Creations for exhibition: Beauty in us

Sadly, it was my last day at Baan Piranan today and my time here in Thailand is drawing to an end but what a wonderfully inspiring time it has been. Thank you to everyone at CCT for your supportive and encouraging nature. What an inspiration. I had very mixed emotions today but I was very happy spending an enjoyable and relaxing time creating paintings for an exhibition with the boys.

The work they created today for the exhibition 'Beauty in us' was gorgeous and it is a shame I will not be around to help finish the project. The idea is to layer the paintings the boys have done on acetate with photos of them during the workshops that they have been doing and these will then be framed for an exhibition.

Although I was sad that it was my last day being creative with Nong Mai it was also a wonderful day. I could feel his hands grip strongly around his brush and paint all by himself with just the smallest bit of help from my hands as he rested the brush on them. He was definitely eager to paint and over the very short time I have spent with him I have noticed how strong and alert he is becoming. He is now more aware of the paintings he is producing and smiles brightly as he looks over at his own beautiful work. I look forward to hearing about all the wonderful things he will do next as I believe there is a lot of talent buzzing about this little man. I wish all you future volunteers a wonderful journey while you are here, what an amazing experience it has been for me and I only hope I can make it back here again some day. Goodbye for now. Liz.xx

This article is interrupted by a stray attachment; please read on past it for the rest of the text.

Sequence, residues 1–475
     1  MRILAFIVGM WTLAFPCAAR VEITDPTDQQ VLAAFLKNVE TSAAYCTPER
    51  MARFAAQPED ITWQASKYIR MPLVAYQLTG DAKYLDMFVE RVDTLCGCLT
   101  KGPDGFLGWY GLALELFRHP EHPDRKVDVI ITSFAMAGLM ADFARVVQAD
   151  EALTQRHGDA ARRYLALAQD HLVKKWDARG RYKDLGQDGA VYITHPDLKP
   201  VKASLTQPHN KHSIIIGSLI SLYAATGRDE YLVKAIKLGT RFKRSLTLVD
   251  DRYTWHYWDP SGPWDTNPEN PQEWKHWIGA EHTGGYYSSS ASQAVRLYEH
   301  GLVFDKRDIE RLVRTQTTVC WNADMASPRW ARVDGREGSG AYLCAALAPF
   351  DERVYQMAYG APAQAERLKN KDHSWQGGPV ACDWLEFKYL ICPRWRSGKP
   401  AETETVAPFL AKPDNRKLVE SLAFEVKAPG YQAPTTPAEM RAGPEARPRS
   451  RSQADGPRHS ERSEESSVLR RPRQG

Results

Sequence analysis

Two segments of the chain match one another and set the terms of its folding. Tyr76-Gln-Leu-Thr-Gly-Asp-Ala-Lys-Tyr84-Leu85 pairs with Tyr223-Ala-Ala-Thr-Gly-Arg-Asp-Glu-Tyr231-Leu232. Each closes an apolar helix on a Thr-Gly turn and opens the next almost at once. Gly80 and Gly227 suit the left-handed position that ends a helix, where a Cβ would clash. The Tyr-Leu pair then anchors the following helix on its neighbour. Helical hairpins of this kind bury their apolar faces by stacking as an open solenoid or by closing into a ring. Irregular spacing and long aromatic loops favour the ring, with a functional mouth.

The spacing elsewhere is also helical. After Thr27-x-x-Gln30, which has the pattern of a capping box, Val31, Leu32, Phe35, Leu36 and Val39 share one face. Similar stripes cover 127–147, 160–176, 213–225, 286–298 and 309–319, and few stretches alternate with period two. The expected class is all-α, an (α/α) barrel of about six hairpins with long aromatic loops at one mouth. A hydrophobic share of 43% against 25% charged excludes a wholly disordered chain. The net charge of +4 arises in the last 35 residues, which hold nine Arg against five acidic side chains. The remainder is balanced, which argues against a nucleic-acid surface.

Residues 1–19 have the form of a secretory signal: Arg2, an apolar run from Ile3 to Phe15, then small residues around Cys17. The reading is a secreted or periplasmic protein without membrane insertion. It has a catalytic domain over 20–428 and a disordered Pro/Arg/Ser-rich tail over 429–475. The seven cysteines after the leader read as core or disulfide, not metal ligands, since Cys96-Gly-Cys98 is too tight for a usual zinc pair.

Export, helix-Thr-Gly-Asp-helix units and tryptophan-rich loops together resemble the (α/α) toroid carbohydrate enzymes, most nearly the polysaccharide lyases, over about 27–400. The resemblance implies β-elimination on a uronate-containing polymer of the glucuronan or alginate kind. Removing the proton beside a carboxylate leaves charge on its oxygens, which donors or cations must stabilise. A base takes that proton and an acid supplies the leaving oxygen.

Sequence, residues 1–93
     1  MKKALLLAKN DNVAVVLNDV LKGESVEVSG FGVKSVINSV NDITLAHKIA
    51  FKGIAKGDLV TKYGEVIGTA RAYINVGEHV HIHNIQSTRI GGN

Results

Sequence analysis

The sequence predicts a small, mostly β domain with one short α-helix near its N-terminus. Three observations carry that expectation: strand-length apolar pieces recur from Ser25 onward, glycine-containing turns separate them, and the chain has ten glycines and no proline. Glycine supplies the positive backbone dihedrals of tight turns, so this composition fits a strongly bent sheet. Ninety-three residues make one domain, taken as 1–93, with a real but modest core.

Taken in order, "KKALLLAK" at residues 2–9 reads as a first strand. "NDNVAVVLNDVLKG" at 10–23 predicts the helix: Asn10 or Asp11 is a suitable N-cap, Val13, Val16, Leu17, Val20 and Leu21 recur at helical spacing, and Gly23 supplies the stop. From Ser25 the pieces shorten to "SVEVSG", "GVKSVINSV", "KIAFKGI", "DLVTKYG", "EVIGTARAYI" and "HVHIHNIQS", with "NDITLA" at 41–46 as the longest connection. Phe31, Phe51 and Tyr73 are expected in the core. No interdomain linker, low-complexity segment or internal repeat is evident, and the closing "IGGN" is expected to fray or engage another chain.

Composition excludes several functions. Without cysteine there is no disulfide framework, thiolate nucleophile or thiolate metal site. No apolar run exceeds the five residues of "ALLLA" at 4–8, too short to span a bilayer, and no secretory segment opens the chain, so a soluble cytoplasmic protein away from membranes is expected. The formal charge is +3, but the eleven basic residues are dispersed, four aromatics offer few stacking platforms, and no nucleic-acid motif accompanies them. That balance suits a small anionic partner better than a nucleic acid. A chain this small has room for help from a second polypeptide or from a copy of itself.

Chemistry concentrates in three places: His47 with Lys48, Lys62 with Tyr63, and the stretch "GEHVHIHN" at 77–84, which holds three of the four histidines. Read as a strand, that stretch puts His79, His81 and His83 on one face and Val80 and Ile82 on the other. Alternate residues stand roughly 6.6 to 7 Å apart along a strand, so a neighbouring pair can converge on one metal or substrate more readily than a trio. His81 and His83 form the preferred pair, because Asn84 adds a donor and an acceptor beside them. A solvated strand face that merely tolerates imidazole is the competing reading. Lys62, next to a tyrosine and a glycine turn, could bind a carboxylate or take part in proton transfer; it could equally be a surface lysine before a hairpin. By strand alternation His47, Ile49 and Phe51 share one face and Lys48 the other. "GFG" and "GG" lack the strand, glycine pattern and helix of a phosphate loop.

Animal creations at Wat Pa Pao

As we drove up to Wat Pa Pao, a school for Burmese refugee children, we could see all the children learning their lessons while curiously wondering who we were. As we walked over it was wonderful to see all their eager faces excited by all the art materials we were carrying over to them.

The first workshop was with the youngest children there who we did crayon resist paintings with. Before creating their own unique animals in wax crayon we introduced them to some animals and their names in English. Their reactions to the animal sounds we played to them was wonderfully amusing as they jumped at the bear growling and giggled at the monkey and enjoyed acting out all the animal movements and noises. We had meowing cats, little flapping chirping birds, cheeky monkeys and powerful grizzly bears all roaming around the floor. The children then separated into groups and began to draw their animals with concentration and imagination. Outside we set up a painting station for them so they could cover their pictures in watered down paint and enjoy the finished result of their creations which then dried in the heat of the day, which i was beginning to melt in!